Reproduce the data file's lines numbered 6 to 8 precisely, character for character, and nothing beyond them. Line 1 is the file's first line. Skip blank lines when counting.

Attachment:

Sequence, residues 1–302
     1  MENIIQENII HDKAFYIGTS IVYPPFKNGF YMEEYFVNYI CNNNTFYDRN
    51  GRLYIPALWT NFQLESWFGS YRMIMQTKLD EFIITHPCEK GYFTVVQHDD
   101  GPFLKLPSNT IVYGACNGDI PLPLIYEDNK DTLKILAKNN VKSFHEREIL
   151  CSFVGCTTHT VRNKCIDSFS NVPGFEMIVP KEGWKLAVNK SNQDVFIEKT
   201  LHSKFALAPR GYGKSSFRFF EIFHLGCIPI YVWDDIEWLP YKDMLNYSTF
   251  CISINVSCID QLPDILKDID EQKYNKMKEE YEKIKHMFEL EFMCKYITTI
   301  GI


   201  LHSKFALAPR GYGKSSFRFF EIFHLGCIPI YVWDDIEWLP YKDMLNYSTF
   251  CISINVSCID QLPDILKDID EQKYNKMKEE YEKIKHMFEL EFMCKYITTI
   301  GI